One of my favorite international trips was to Havana, Cuba, shortly after the U.S. lifted its travel ban to the country in January 2015. What I enjoyed most was taking in the city’s rich Afro-Cuban culture and history. A couple of years ago, President Barack Obama’s administration widely expanded the categories of authorized travel to the Communist island nation, to the point of allowing organized American tours for educational activities.
America set up a trade embargo against the nation in 1960, as a reprimand against former president Fidel Castro’s alliance with the Soviet Union and human rights violations connected to the country’s Communist control. Now, Americans can now enjoy easy access to the country’s rice culture, tasty food, and exciting nightlife. Here are some things to consider for your next trip to one of the oldest cities in North America:
Where to eat
The best restaurants in Cuba arepaladares, which are owned and operated by individuals rather than the state. Some offer a white tablecloth-style experience, others are more cozy and familiar. Where ever you decide to go, make your reservations well in advance and follow up upon your arrival in Cuba: space fills up quickly. Favorite paladares:Doña Eutimia, Paladar Los Mercaderes, El Chanchullero
Where to drink
Cuba has many claims to cocktail fame—the daiquiri, the mojito, the Cuba Libre—and their high temples can be found in Old Havana. El Floridita is one of those spots—the real reason to go is the daiquiri, which was invented there, and is still served up by waiters in red waistcoats. Schedule a tour of the Bacardi rum distillery. But to drink like a local, buy a bottle of rum to share between your table. Favorite watering holes: El Floridita, Sloppy Joe’s, El Mesón de la Flota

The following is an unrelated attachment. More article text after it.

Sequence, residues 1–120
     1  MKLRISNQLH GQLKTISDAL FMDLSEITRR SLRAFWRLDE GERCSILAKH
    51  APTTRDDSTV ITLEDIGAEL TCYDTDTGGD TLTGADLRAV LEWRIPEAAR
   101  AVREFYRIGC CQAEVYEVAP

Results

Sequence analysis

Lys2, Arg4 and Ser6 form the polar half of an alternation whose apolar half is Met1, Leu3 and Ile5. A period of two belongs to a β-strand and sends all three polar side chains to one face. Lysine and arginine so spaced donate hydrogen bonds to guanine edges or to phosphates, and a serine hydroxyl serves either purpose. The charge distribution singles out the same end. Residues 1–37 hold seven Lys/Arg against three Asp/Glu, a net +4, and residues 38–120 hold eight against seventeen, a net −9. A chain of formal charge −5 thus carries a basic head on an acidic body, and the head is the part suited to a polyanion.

What to see If you’re big on museums, you’re in luck: Old Havana has a lot to show off.The Museo de la Revolución, located in the former presidential palace, was once the setting of a failed 1957 assassination attempt on Batista—and there are bullet holes in the stairwell to prove it. Though almost all the exhibits are in Spanish, the pictures and objects tell a compelling story of the Cuban revolution.If you’d rather look at paintings of blood than bloody shirts, the Museo de las Bellas Artes has two buildings of collections—Cuban and international—you can see for the price of a combined ticket. Other sight-seeing destinations:Granma Memorial, Museo de las Orishas
Where to shop While there’s plenty of stuff to buy (and much of it is quite good), there are no grand avenues of stores like Fifth Avenue in New York or the Champs Elysées in Paris. Still, Cuba is justly famous for its rum and its cigars, and it’s worth making an effort to bring a bottle and a box home. The best place to buy rum is…in a duty-free shop in the airport on your way out of the country. A walk along Calle Obispo will also reveal some interesting shops. Other shops to check out:Hostal Conde de Villanueva, Taller Experimental de Gráfica, El Quitrín
For an even more comprehensive guide to visiting Havana this summer, check out this article in GQ.
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